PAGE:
A free-standing sculpture, it is surrounded by dark-colored marble columns and backed by vivid gilded rays, which symbolize divine light from the heavens and are accentuated by sunlight let in from a window above. Only two figures appear – at the left, an angel with a billowing robe and flowing, curly hair stands above Saint Teresa, who sits at the right, clad in a long, somewhat wrinkled robe and bearing a look of ecstatic, overwhelming emotion on her face. The angel also holds a small golden spear with a delicate grip, aiming it at a writhing Teresa’s torso.
Both sit upon a cloud, implying an otherworldly event. Where Agostino’s work (older by two centuries) is a relief sculpture and thus somewhat flat, Bernini’s is three-dimensional and well-lit, showing its contours and details very clearly; in particular, the lighting from above creates shadows on the figures and their garments that make the sculpture seem almost lifelike. (No similar realism appears in Agostino’s relief, and the light’s play on its figures is less pronounced.
Also, while the anatomical proportions are more or less correct in both, Bernini’s work appears far more lifelike because the figures strike more dynamic poses; the angel is poised with the spear (though its benign smile implies no menace), while Teresa recoils, her face wearing an ecstatic, deeply emotional look, her open mouth seeming to moan and her eyes closed as if in submission. Also, their limbs, being more fully visible, reveal more detail and appear delicate despite being carved of stone, as the digits on Saint Teresa’s hands and feet are remarkably realistic.
The clothing is also dynamic, because it appears light and flowing and its folds and billows imply movement. The work’s apparent delicacy is actually somewhat deceptive, particularly regarding the angel. Here, a key difference emerges in how Baroque artists depicted angels. While Agostino’s two angels are merely attendants with no apparent character or readily visible power, Bernini’s lone angel is a powerful force, perhaps echoing the Church’s revived sense of mission in the wake of the Protestant Reformation and its desire to project its spiritual power and enhance its message.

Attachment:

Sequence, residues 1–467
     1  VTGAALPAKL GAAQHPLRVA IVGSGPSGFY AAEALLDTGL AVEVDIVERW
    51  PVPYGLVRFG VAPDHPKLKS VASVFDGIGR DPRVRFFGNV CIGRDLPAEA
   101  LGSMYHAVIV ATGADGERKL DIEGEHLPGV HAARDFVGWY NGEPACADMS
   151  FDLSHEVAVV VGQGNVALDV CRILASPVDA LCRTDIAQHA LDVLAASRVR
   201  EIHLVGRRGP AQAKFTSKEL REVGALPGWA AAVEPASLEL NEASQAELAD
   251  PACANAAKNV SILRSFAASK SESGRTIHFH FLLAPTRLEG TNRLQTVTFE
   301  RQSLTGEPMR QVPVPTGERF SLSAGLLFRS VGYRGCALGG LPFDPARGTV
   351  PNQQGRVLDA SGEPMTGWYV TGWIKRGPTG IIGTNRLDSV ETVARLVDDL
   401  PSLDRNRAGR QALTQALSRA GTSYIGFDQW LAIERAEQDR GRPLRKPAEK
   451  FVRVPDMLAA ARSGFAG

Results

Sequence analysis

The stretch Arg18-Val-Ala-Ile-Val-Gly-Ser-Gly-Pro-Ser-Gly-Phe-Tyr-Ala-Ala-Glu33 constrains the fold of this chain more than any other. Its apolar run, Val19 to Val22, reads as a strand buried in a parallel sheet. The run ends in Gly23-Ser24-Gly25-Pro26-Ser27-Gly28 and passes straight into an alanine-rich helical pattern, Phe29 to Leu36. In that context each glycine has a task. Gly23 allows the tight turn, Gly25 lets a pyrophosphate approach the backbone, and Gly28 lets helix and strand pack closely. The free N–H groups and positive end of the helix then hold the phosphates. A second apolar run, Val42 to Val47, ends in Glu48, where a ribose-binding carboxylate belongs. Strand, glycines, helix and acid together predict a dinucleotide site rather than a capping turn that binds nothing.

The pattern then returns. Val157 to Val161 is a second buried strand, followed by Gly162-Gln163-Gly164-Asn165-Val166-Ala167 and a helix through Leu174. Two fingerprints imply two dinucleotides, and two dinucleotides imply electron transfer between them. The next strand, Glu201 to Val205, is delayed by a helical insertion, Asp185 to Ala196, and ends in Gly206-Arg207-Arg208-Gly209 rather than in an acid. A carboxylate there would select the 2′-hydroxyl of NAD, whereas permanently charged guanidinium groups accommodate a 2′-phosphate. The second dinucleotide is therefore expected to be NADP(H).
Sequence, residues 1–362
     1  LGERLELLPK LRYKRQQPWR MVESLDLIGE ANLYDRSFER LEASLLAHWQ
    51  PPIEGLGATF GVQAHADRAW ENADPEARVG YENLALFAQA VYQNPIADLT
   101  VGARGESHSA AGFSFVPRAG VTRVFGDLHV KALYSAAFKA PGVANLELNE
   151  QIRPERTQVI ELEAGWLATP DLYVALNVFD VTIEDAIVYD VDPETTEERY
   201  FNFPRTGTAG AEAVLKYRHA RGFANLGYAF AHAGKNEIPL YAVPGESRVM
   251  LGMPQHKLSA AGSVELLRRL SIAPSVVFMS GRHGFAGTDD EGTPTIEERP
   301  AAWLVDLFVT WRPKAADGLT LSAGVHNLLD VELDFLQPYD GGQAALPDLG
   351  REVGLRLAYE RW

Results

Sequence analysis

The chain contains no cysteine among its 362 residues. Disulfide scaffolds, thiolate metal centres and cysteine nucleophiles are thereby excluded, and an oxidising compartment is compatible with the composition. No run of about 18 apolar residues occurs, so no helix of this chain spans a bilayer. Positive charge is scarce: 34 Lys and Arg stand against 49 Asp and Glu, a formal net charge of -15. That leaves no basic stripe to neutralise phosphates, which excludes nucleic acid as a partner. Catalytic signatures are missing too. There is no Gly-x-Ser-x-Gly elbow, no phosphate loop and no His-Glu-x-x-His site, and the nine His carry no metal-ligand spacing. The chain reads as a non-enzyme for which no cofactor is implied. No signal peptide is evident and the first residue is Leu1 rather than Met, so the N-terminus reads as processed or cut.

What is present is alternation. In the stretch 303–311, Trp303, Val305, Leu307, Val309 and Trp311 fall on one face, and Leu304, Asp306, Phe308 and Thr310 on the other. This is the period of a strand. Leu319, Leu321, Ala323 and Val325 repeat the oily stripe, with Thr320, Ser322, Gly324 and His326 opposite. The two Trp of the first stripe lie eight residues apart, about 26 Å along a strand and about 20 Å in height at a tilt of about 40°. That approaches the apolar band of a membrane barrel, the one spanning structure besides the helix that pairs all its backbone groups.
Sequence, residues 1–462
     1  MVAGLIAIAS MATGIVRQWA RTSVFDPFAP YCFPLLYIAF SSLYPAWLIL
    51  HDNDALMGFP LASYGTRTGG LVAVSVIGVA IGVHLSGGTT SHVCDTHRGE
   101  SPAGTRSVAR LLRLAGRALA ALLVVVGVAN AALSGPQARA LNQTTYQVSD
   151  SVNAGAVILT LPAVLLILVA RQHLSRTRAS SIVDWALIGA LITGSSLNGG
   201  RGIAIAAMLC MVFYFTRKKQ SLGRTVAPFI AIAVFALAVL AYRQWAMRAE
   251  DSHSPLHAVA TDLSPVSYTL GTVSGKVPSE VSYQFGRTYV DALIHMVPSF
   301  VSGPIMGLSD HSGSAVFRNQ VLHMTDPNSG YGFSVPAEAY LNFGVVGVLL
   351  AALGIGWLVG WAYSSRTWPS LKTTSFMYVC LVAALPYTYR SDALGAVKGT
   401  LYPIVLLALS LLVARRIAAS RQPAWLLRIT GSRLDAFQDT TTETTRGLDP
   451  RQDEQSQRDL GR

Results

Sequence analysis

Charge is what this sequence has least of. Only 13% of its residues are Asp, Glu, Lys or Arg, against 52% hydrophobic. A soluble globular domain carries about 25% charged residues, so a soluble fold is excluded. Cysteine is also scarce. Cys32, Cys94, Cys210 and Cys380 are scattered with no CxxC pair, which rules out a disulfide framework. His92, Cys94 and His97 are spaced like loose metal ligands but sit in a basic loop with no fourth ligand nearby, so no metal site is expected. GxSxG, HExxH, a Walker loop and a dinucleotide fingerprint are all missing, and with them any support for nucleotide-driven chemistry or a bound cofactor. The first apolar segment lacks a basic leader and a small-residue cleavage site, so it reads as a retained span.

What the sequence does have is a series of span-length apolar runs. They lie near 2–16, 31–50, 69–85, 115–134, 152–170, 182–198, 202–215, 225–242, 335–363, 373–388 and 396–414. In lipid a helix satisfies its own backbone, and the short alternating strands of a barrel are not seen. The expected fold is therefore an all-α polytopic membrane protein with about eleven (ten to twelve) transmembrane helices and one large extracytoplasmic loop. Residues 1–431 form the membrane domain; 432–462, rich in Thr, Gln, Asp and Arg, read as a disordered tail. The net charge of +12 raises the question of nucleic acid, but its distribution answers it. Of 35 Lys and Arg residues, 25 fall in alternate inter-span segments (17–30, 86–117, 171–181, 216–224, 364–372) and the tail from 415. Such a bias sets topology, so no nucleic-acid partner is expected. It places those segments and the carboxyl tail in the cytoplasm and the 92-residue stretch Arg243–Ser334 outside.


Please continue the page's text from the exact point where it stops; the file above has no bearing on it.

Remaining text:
Art scholar Robert Wallace writes of St. Teresa that the angel’s seemingly light grip on the spear (using only thumb and forefinger): This is by no means an affectation on Bernini’s part; it has a great deal of meaning. . . . Bernini is expressing in these works the mystical idea that angels are hovering all around us. Sometimes they actually penetrate the world of men, performing acts that, for men, would require great strength. But angels, as agents of God, have no need of strength as men conceive it.
Their strength is faith, and it is exerted through contacts as gentle as a breath of air. Wallace 143) Wallace also dismisses the notion that St. Teresa’s ecstasy is orgasmic or at all sexual, as some scholars have claimed. He claims “that great work, which is permeated by mysticism, has been so often disparaged for having a sexual sensationalism which it really does not possess” (Wallace 143). Instead, Bernini drew from the saint’s autobiography (which appeared less than century before the sculpture was created), in which she describes her powerful visions, thus taking Teresa basically at her own word.